October 11, 2016
Steve Arndt
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Insurance and Body Shops Part I: To DRP or Not to DRP – That is the Question (And There is No Right Answer)

For nearly as long as cars have been sold in America, auto insurance has also been sold – and mandated. While these two businesses work in tandem, they also have a history of conflict. In this two-part series, we’ll explore some of the issues that arise between body shops and insurance companies and the effect of those issues on shop owners and consumers. 

Body shop owners have to make hundreds of decisions every day to act in the best interest of their business and customers. One of the most important decisions to make in terms of insurance is whether or not to join a Direct Repair Program (DRP). The Insurance Information Institute defines a DRP as “a network of auto repair shops and dealerships approved by an insurer.” When joining a DRP, a body shop will enter a formal agreement with an insurance company that lists the terms of repair work, including what the insurance company will pay for each hour of labor, products used, services needed, and more. The body shop also agrees to liability for issues that arise with the car following the repair.

“DRPs are a personal decision every business owner has to make for themselves,” said Bruce King, founder and former owner of King Collision. “There are benefits and costs to joining these programs.”

Paul Rinaldi, a FinishMaster Sales Manager, agreed.

“Every shop owner has a choice to sign the deal, but it is a choice,” Paul said. “You need to consider exactly what it means to be in that program.”

One of the main advantages is a consistent stream of business. Insurers send their customers to shops in the DRP network.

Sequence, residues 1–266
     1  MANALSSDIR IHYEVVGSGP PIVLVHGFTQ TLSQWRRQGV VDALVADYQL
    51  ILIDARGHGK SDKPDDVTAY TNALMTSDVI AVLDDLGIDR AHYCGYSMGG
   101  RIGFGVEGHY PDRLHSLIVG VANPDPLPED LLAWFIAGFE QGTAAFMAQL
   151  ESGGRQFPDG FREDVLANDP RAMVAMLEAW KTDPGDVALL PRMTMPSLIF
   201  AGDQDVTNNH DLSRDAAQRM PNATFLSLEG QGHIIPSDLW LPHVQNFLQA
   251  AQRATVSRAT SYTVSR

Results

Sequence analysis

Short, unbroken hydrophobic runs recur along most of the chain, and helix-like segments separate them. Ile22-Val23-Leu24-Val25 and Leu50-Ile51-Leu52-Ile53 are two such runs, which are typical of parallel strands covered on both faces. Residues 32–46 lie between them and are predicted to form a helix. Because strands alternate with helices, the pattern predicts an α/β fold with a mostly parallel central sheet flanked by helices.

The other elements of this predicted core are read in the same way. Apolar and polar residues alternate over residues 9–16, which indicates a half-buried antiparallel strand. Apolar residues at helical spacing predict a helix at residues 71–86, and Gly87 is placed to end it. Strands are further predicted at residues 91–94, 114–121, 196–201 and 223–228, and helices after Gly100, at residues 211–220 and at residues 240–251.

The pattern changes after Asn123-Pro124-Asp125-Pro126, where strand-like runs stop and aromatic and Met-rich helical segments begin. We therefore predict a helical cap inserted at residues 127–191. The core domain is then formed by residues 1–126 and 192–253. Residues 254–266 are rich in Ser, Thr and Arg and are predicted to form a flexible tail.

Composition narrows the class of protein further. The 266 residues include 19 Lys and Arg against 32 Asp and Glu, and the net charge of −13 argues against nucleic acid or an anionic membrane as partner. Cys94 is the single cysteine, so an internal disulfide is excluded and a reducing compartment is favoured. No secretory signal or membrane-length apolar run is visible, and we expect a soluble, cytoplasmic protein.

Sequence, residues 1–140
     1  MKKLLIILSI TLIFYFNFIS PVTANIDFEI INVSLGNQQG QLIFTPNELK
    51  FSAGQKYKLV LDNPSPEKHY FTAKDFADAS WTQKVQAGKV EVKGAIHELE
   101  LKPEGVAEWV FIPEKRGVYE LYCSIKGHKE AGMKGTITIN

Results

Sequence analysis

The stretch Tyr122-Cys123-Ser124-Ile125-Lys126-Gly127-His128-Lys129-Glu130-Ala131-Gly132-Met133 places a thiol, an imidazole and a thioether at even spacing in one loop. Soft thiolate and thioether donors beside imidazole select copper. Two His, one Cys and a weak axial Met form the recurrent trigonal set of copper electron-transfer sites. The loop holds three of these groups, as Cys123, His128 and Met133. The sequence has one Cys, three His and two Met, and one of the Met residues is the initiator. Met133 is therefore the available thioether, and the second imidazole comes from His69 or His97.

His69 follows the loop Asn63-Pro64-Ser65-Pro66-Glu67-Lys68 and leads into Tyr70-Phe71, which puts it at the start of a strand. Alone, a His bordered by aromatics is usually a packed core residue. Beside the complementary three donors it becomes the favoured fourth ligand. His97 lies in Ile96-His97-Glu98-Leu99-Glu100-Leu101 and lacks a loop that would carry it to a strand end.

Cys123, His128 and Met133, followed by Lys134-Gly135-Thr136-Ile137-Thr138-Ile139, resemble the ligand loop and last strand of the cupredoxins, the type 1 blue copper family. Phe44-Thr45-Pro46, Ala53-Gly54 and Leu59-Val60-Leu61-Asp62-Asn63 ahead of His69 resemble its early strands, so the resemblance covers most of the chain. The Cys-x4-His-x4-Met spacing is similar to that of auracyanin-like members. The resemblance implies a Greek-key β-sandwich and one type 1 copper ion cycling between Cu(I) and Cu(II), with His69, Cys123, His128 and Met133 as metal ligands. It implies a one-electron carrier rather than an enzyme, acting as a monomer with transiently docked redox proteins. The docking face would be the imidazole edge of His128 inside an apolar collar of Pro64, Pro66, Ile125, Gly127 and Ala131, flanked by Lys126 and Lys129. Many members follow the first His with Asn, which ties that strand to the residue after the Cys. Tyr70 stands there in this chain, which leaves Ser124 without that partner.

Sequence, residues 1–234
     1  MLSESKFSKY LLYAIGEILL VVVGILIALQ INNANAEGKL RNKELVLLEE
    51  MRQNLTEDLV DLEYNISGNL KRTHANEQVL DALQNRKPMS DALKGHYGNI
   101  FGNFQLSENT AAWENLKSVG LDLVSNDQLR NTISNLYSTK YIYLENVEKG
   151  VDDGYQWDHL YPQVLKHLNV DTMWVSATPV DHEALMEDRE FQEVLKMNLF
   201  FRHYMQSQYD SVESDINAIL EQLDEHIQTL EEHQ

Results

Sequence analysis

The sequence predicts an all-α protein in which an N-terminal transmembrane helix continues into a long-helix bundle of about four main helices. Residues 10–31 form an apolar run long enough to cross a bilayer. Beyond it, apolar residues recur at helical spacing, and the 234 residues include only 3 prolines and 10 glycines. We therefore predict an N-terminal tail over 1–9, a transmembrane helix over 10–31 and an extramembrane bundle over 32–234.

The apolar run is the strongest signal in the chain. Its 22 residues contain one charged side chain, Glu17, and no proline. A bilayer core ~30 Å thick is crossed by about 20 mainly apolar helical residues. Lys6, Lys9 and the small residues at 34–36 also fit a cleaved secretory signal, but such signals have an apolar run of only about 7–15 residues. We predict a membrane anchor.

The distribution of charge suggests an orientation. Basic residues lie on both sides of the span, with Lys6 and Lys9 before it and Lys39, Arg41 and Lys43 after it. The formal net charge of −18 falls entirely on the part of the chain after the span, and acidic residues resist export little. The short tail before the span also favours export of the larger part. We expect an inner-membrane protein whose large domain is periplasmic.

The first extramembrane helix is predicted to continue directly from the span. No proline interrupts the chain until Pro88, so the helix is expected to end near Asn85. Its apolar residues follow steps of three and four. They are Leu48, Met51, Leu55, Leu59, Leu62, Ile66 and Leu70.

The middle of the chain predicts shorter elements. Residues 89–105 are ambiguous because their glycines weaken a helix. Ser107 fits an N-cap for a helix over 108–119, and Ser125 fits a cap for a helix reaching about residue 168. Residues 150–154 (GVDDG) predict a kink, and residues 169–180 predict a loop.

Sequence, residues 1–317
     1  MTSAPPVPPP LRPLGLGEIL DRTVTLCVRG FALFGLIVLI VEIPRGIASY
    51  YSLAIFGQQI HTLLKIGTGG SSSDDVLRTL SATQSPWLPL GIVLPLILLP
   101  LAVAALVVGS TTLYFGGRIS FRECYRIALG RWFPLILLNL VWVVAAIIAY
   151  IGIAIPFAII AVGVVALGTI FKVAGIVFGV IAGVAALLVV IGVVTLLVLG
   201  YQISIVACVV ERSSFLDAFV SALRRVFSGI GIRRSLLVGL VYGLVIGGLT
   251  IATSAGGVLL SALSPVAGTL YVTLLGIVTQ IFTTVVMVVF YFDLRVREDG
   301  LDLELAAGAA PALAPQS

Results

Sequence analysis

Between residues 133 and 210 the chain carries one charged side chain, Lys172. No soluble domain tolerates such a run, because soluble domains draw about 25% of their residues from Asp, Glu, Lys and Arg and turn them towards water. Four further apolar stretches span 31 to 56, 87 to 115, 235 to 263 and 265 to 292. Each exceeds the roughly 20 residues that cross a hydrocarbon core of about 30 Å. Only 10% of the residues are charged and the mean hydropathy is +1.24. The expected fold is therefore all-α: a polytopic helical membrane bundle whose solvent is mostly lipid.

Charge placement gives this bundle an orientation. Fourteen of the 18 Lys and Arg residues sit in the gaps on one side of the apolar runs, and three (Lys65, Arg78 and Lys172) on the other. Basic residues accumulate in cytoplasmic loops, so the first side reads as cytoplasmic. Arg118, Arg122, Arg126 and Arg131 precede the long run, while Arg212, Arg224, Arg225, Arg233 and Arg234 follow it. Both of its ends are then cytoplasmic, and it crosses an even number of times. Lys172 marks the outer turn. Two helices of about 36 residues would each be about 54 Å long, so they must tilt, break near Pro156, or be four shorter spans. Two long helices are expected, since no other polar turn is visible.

“The average consumer gets in an accident every seven years,” said Paul. “Will they know who to go to for repairs? Being in a DRP is one way for small businesses to attract a local customer.”

However, Bruce said some shops become complacent.

“It’s a misconception that work comes automatically by getting on a DRP list,” he said. “Shops become dependent on them – they stop advertising. I don’t think it’s a healthy thing.”

Another issue with joining a DRP is the financial concessions and the commitment to provide services the insurance company would typically perform. The labor rate paid by the insurance companies to the DRP shop is often lower than the door rates body shops publish for themselves.

“It will likely be a lower hourly rate for the labor to do a repair,” said Paul. “But shops have to consider the amount of business they get by being in the DRP. Would they have gotten these repairs without being on the list? Everyone has to decide what is best for their own business.”

Dennis Seaver, a FinishMaster Sales Manager in Massachusetts, said he noticed DRPs became prominent in the industry about 10 years ago.

“If you want to join a DRP, you make concessions as a shop owner to make that happen,” he said. “There are situations where shops make major concessions, but in a lot of cases, it works for them.”

Regardless of whether you choose to join a DRP, it’s important to continue to market your shop directly to potential customers, so you don’t become 100% reliant on DRP directed business.

Here are some tips when deciding whether to join a DRP:

  1. Read through the agreement thoroughly. “I would even have a lawyer look through it,” said Paul. “It’s money well spent because it’s extremely important to understand what you’re getting into.”
  2. Think about the business you want to be and how joining a DRP will impact your decisions. “You have to be willing to go toe to toe with the insurance companies,” said Bruce. “You need to step up and run your business.”
  3. Learn as much as you can about the insurance industry. “You need to know how to speak their language,” said Bruce. He also recommends educating customers about the insurance industry as much as possible.
  4. Consider the customer. Keeping their best interests in mind will help your business succeed in the long haul, whether or not you decide to join a DRP.

In addition to the labor rate, insurance companies also determine the repair jobs covered both for shops in the DRP and independent shops. In Part 2, we’ll look at the issues that might arise when negotiating repairs and who covers the costs.